Tuesday March 24, 2009
New building aims for highest environmental standards
Mayor Jerry Abramson joined library director Craig Buthod and Metro Council representatives to celebrate the ongoing construction of the new Newburg library branch. The $1.9 million library is the city’s first technology-driven branch, and will dramatically expand computer and multi-media accessibility to library patrons.
“This is a 21st century library to meet the needs of a 21st century Louisville,” Abramson said. “This is an area with lots of schoolchildren and families who need access to the expansive technology and resources this library will provide.”
The 8,000 square foot library will include 32 computers, areas for teens and children, a glass-enclosed study space with designated sections for tutors, and a large community meeting room. The library will open to the public late this summer.
“Libraries aren’t just storehouses for books,” said Buthod. “They’re places where neighbors plan block watches, where workers search online for jobs, where students study for exams, and where toddlers hear Aesop’s fables for the first time. This facility is beautifully responsive to the changing role of a neighborhood library and the needs of the residents.”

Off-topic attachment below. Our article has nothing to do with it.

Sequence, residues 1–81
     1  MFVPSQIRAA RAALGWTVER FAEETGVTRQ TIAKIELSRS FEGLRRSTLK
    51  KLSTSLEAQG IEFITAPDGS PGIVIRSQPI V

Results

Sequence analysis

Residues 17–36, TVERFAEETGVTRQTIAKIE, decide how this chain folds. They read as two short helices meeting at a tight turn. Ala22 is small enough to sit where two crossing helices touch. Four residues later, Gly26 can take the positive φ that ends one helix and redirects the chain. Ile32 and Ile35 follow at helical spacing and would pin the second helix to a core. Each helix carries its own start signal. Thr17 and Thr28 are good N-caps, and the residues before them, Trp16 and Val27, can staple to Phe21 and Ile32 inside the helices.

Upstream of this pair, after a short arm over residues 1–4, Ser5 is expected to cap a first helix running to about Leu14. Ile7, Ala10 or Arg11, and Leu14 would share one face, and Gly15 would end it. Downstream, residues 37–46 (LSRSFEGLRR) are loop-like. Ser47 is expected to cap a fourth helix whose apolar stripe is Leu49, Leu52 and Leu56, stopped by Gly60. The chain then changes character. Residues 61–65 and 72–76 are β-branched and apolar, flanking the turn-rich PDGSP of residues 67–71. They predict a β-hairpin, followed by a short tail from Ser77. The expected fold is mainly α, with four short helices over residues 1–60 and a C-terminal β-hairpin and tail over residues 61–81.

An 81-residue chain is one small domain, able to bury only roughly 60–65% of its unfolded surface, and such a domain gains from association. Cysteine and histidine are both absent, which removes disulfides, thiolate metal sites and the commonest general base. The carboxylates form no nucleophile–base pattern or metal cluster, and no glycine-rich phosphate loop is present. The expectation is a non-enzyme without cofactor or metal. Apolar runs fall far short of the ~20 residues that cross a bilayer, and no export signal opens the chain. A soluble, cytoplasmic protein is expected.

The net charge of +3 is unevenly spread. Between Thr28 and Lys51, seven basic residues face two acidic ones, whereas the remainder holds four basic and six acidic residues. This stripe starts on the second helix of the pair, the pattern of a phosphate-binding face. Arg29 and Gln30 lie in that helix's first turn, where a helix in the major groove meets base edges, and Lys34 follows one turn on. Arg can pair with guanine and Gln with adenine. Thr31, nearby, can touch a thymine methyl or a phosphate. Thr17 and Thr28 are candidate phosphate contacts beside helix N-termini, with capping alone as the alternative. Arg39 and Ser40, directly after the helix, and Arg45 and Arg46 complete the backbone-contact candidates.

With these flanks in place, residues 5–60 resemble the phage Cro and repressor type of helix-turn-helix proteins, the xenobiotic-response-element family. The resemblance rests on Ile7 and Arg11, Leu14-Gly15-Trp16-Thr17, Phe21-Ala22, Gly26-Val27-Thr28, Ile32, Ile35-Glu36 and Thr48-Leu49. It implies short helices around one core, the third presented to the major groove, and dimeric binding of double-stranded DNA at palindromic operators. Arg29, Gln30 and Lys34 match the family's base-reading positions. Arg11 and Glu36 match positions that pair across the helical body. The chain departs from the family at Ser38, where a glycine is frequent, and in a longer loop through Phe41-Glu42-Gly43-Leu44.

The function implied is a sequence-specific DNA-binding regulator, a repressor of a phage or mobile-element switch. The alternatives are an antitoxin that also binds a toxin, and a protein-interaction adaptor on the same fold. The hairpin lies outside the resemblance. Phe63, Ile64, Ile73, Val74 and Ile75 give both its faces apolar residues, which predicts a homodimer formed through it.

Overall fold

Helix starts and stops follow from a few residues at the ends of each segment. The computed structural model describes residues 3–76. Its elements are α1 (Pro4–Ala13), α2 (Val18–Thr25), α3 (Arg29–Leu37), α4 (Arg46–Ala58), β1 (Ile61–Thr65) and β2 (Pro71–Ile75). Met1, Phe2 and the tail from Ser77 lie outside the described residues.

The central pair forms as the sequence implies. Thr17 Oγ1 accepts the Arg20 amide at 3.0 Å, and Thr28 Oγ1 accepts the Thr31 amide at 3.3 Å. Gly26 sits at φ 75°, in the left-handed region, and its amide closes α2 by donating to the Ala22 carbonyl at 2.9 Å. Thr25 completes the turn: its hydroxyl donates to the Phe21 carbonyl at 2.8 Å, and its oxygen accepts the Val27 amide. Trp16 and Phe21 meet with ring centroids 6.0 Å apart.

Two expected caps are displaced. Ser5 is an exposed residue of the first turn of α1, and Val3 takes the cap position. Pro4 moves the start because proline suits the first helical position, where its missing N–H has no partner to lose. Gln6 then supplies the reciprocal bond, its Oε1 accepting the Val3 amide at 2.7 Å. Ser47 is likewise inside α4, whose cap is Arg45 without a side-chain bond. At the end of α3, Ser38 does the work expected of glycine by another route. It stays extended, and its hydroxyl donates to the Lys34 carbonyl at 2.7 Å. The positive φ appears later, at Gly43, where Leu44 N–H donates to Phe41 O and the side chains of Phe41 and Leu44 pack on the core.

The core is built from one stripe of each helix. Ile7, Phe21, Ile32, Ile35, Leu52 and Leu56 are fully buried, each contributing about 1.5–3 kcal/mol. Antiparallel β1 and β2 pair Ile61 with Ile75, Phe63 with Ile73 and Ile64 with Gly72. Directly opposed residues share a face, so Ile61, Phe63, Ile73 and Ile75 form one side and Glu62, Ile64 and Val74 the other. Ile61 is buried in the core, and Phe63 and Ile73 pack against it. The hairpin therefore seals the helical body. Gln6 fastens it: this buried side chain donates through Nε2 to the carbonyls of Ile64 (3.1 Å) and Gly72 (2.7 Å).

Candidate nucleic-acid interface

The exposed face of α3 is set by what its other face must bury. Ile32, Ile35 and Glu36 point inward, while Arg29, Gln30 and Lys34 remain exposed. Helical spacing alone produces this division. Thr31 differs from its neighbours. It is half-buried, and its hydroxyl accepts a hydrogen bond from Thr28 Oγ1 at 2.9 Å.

This will be the first city building to strive for LEED certification, the country’s highest environmental building standard. The library’s design includes geothermal heating and cooling, LED lighting, a water garden to reduce stormwater runoff, and plenty of natural light.
“I am so pleased to finally see the Newburg Library rising up in our neighborhood,” said Metro Councilwoman Barbara Shanklin. “This is a dream that has been a long time in coming. Our residents were able to give their input in the building’s use and design, making this truly a community facility.”
Building the Newburg Library continues the Mayor’s commitment to expanding and improving library facilities throughout the city. This is the first new library constructed in Louisville since 1996 (when the Jeffersontown branch opened); before that, the next-newest free-standing library is the Main branch, built in 1969.
“Attendance and book borrowing numbers have been climbing every year for the past decade. More and more people depend on their neighborhood libraries,” said Abramson. “Building this branch is a high priority in the Library Master Plan, and it is an important step in expanding and improving our library system.”